“I was probably happiest about being elected a Fellow of the American Association for the Advancement of Science, because it’s such an honor,” she says. She received the honor in 2015 for her contributions to the understanding of iron and copper metabolism in mammals.
Linder says teaching keeps her knowledge area broad, well-rounded, and current, instead of being focused on its narrower aspects.
“It also helps me see what’s coming up the pipeline in terms of the young people of today, who come from such diverse backgrounds to our campus for their education. It gives me hope, even in these dark times. Working with our students helps me feel alive and encouraged about the future,” she says.
At times, Linder says she’s had more students in her lab than any other faculty member; working on research and projects with them has been a highlight of her time at CSUF.
“I get to know them better in that setting, and I spend a great deal of time teaching and supporting them,” she says.
Linder has developed close friendships with many colleagues at CSUF over the many years she has been here, building bonds that have lasted for decades. “These wonderful personal friendships with colleagues and students have made my life richer,” she says. “Good camaraderie within the university and department is really important to me.”
Supporting Student Success
Now, Linder has announced she’ll be launching a scholarship to support students pursuing a biochemistry master’s degree.
“I’ve always wanted to contribute to CSUF,” she says. “Not much funding is available for students in the master’s program, so students aren’t able to earn their degrees quickly because they have to work to support themselves. It’s my hope that this will be of help.”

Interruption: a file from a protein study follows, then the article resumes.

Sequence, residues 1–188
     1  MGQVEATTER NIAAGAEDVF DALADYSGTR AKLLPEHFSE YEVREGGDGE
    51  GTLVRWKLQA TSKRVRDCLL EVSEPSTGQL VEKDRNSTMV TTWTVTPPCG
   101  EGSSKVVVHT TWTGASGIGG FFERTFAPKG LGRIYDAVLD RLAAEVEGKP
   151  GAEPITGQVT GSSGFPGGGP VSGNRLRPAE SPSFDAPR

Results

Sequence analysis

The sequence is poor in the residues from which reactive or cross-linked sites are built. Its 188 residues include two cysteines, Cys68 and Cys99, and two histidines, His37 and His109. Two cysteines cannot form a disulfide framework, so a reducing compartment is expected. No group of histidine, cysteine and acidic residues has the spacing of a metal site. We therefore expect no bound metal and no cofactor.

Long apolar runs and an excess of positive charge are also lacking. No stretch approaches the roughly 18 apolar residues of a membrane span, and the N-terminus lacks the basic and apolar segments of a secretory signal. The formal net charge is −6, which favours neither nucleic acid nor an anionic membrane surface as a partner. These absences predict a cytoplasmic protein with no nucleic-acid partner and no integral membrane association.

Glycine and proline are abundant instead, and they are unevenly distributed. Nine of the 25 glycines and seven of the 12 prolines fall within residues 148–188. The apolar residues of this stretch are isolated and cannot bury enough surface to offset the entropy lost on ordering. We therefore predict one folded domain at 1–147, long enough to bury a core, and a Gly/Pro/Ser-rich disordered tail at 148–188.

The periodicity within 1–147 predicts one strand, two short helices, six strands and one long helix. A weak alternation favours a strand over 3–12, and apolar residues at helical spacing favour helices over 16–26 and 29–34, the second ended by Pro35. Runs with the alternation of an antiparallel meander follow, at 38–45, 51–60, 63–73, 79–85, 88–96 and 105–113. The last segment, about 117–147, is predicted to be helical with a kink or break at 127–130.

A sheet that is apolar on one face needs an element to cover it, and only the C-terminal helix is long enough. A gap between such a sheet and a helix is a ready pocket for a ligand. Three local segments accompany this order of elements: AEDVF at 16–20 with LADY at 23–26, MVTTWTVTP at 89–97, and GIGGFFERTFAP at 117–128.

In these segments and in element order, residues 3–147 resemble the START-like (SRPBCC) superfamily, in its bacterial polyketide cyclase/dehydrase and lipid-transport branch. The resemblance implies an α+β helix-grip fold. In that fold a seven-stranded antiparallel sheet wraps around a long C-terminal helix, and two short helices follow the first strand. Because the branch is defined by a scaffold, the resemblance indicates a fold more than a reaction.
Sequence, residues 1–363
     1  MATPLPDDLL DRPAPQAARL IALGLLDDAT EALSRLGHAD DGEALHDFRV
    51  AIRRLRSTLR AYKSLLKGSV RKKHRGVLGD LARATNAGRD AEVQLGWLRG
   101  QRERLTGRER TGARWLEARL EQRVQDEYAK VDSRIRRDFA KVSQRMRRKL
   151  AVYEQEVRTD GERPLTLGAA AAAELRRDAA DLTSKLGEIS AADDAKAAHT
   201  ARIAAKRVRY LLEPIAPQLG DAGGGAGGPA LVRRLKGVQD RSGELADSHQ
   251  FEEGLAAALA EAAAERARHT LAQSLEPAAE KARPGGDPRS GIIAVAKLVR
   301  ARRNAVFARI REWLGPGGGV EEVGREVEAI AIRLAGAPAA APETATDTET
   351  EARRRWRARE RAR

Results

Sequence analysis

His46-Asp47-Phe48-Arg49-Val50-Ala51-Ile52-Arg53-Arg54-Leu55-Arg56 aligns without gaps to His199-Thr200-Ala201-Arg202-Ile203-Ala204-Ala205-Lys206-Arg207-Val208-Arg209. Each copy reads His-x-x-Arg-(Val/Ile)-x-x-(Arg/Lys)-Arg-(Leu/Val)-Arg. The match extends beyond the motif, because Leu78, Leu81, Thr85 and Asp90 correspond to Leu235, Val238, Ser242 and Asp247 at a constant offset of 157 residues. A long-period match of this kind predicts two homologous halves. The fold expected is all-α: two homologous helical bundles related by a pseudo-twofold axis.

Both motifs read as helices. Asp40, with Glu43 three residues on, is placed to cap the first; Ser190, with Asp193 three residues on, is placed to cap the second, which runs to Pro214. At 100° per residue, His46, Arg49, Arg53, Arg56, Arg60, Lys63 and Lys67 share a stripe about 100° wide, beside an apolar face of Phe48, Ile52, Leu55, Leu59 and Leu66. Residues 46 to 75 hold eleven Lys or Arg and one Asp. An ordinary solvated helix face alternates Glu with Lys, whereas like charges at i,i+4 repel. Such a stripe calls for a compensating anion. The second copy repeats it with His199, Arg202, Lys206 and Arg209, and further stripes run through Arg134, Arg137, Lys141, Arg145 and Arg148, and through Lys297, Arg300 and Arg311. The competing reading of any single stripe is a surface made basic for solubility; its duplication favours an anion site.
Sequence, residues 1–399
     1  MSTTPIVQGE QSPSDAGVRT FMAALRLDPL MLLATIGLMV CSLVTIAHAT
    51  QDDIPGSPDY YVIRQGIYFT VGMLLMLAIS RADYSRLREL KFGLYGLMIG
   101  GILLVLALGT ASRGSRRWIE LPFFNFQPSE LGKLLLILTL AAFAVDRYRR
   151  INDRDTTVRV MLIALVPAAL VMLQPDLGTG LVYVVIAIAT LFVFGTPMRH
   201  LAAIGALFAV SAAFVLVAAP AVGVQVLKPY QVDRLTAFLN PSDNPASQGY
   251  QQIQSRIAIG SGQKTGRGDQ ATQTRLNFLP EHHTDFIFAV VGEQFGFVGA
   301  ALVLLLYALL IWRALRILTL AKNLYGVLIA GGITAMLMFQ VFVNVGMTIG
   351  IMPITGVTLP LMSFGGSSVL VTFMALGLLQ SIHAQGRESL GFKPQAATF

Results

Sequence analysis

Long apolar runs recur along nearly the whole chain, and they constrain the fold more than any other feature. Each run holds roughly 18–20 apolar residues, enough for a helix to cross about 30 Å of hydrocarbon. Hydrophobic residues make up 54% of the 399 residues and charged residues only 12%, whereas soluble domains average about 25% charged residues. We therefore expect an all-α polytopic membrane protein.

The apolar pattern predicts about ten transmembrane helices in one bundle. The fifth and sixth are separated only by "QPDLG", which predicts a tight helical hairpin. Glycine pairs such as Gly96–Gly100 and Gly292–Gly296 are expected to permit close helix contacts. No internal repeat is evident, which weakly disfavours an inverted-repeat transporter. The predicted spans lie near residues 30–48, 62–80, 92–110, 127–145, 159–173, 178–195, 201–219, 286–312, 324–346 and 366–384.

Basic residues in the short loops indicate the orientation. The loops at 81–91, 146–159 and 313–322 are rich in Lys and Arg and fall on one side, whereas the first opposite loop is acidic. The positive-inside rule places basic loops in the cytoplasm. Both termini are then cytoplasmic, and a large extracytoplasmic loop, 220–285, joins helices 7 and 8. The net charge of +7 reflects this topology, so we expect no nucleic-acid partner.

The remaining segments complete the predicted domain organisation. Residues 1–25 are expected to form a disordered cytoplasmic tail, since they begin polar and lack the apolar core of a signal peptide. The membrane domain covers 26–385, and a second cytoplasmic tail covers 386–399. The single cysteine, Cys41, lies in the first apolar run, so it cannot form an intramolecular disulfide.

Linder says that she wants the master’s scholarship to be significant, so it may be a year or more before it’s available as the financial details are worked out, but she hopes it will make a difference.
“I want it to attract more students to the master’s program, keep quality students at CSUF, and help them stay afloat during the program,” she says.
A Place to Remember
Linder has long appreciated the support she has received at CSUF and how much she has been able to achieve with her research at the University.
“Interestingly, I continue to get citations on my work from way, way back, which makes me feel good,” she says.
She admires the emphasis that CSUF, and particularly her department, places on research for its students.
“It’s part of what makes our program really unique,” Linder says. “Students have to complete multiple research units for their degrees. They become proficient in applying their knowledge and skills in a lab environment, and it looks good on their CV. This also helps faculty get their research done.”
She praises the University’s diversity, too.
“It’s wonderful,” she says. “The students come from many different backgrounds. You also have many who come from families with no college experience. Once they get here, the college and lab can become like a second family to them. It’s one of the reasons I’m still teaching.”
Her advice for students interested in pursuing biochemistry?
“They should do what is most important or exciting for them, what matters to them,” she says. “We have a lot of advising in our department, and they should take advantage of that resource to help define that path.”